Subdivision b provides, inter alia : "Any contract, lease, rental agreement, license, permit, concession or other authorization referred to in subdivision a of this section may grant to the person or persons contracting with the city thereunder, the right to use, occupy or carry on activities in, the whole or any part of such stadium, grounds, parking areas and other facilities, (1) for any purpose or purposes which is of such a nature as to furnish to, or foster or promote among, or provide for the benefit of, the people of the city, recreation, entertainment, amusement, education, enlightenment, cultural development or betterment, and improvement of trade and commerce, including professional, amateur and scholastic sports and athletic events, theatrical, musical or other entertainment presentations, and meetings, assemblages, conventions and exhibitions for any purpose, including meetings, assemblages, conventions and exhibitions held for business or trade purposes, and other events of civic, community and general public interest. * * * It is hereby declared that all of the purposes referred to in this subdivision b are for the benefit of the people of the city and for the improvement of their health, welfare, recreation and prosperity, for the promotion of competitive sports for youth and the prevention of juvenile delinquency, and for the improvement of trade and commerce, and are hereby declared to be public purposes." (Emphasis supplied.)

Respondents contend that the rental of the stadium rests in the sole, unfettered, unreviewable discretion of the Commissioner of Parks and therefore the Commissioner acted within his powers when he established that it was his policy to exclude partisan political rallies from the stadium.

This court does not agree. Section 532-15.0 specifically sets forth certain permitted and authorized uses and establishes the standard to guide the Commissioner in the exercise of his discretion. He must act in accordance with that standard and it is beyond dispute that if his actions are unreasonable, arbitrary and capricious, the court has power to set them aside. As stated in Matter of Ormsby v. Bell (218 N. Y. 212, 216): "A 'mandamus will not lie to compel the performance of a power the exercise of which lies in the discretion of the officer against whom the writ is sought,' unless the action of the officer is capricious, arbitrary or unreasonable. (People ex rel. Empire City Trotting Club v. State Racing Comn., 190 N. Y. 31, 33.)" Similarly, in Matter of Hooker v. Conte (208 Misc. 188, 191), the court stated: "In determining whether or not the petitioner has a case for any relief, it is, first of all, to be borne in mind that the court will not interfere with administrative discretion legally exercised. A court may not review and countermand the action of a public board or officer in a matter involving the exercise of judgment or discretion, that is, provided the board or officer proceeded honestly in accordance with the law and did not act arbitrarily. (Matter of Larkin Co. v. Schwab, 242 N. Y. 330; Matter of Ormsby v. Bell, 218 N. Y. 212, 216; People ex rel. Peixotto v. Board of Educ., 212 N. Y. 463, 466; Matter of Stanton v. Board of Educ., 190 Misc. 1012, 1016.)"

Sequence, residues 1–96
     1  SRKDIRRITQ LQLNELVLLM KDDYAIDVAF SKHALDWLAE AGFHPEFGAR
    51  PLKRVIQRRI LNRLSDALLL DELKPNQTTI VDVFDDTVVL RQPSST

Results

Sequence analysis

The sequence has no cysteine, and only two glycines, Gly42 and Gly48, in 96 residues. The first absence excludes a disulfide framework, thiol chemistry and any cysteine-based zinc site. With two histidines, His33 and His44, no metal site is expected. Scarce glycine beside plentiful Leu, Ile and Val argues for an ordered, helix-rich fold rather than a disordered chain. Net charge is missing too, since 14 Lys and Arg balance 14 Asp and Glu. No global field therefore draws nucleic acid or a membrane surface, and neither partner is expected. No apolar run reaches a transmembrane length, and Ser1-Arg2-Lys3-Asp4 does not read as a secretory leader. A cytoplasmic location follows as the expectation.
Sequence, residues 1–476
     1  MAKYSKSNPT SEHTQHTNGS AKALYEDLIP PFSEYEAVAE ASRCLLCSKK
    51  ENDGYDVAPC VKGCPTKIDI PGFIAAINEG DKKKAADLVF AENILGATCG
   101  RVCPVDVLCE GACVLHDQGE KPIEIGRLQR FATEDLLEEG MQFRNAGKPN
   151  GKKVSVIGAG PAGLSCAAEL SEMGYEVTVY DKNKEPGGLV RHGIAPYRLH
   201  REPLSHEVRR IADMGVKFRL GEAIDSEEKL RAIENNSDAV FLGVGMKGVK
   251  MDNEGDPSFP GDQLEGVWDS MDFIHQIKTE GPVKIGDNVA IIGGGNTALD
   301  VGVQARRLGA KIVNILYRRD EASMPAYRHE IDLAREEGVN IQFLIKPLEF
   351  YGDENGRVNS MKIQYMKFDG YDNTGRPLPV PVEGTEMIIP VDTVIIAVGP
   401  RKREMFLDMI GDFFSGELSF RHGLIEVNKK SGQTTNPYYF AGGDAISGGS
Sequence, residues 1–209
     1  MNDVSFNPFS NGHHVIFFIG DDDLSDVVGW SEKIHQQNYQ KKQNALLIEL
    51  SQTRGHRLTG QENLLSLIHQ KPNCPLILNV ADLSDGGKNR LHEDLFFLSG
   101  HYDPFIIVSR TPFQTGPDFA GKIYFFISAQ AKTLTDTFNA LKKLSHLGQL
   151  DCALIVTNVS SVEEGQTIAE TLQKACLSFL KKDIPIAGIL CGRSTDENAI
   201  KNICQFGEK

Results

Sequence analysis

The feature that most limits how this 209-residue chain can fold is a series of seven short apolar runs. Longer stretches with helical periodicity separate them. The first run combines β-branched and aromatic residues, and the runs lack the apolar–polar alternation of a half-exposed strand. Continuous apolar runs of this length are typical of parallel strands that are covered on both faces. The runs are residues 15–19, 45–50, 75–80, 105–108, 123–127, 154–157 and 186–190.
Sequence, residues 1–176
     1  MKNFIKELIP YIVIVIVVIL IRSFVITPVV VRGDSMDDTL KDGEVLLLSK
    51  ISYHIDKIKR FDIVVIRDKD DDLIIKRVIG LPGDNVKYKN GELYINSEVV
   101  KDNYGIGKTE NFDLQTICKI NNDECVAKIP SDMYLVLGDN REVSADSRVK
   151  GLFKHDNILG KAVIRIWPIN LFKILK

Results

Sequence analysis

In excluding partisan political activity, the Commissioner has not acted in conformance with the standard promulgated to guide his discretion. There are few events, if any at all, that suggest themselves to the court's mind that can be truly characterized as being of greater "civic, community and general public interest" than the appearance of a major candidate and contender for the office of the presidency of the United States and his purpose of delivering a campaign address.

Of course, the proposed use herein in a strict sense can properly be described as a partisan political activity or rally. However, in the court's judgment it cannot blithely be equated with the generalization of "partisan political activity," which latter use the Commissioner's alleged policy has banned in Shea Stadium.

Whether certain matters, issues and events are of "civic, community and general public interest" depends in great part on their timeliness. I am of the opinion that a gathering of 50,000 persons, assembled to hear a major presidential candidate, is an event of far deeper significance and meaningfulness than a mere partisan political rally or activity. Indeed, such an assemblage may be more accurately characterized as an assemblage or event of "civic, community and general public interest." Especially is this so in the critical and crucial times such as the present ones in our city, State and Nation -- and indeed throughout this dangerous world where our national interests and the lives of our citizens are at stake and hang in the balance almost every minute of every hour of every day. With our Nation's very survival at stake under the gun of the ever-presence of nuclear weaponry, this court cannot conceive of any single event that is of greater public interest than one which affords the citizenry the opportunity to hear and scrutinize the stated policies, philosophy and pronouncements of a major candidate -- in fact to hear that candidate tell "why George Wallace?" as against "why Richard Nixon?" or "why Hubert Humphrey?" -- four weeks before the presidential election.

Whether one agrees or disagrees with the candidate's views, it is inescapable that those views on the vital issues of our day -- fiscal responsibility, crime, law and order, Vietnam, constitutional government, the United States Supreme Court, colleges and campuses, and others -- are certainly of civic, community and general public interest. To deny a major presidential candidate the use of this publicly-owned facility under these circumstances is in effect and in fact a denial to the public of its rightful opportunity to enjoy and participate in an activity and event specifically authorized by the statute.

The court assumes that the rule excluding political activity from the stadium was not directed specifically against Governor Wallace. However, in the light of the statutory language which must guide the Commissioner's discretion, this rule or policy is patently unreasonable. Respondents have not proffered one single argument to support the classification excluding political activity which they have created. Accordingly, the ground stated by the Commissioner to justify his denial of the use of the stadium is improper and since respondents have no other stated objection to petitioners' use of the stadium they are directed to rent the stadium to the petitioners on reasonable terms. (Matter of Policemen's Benevolent Assn. of Westchester County v. Board of Trustees, 21 A.D.2d 693.)

Although the court is reminded of the words of Blackstone spoken more than two hundred years ago, "Every free man has an undoubted right to lay before the public what sentiments he pleases", under the circumstances herein since this decision is predicated on the Commissioner's improper exercise of administrative discretion, it is not necessary to decide the questions of constitutional law raised by the petition. Accordingly, the matter is remanded to the Commissioner for proceedings consistent with this opinion and the respondents' motion to dismiss is denied.


Accordingly, the matter is remanded to the Commissioner for proceedings consistent with this opinion and the respondents' motion to dismiss is denied.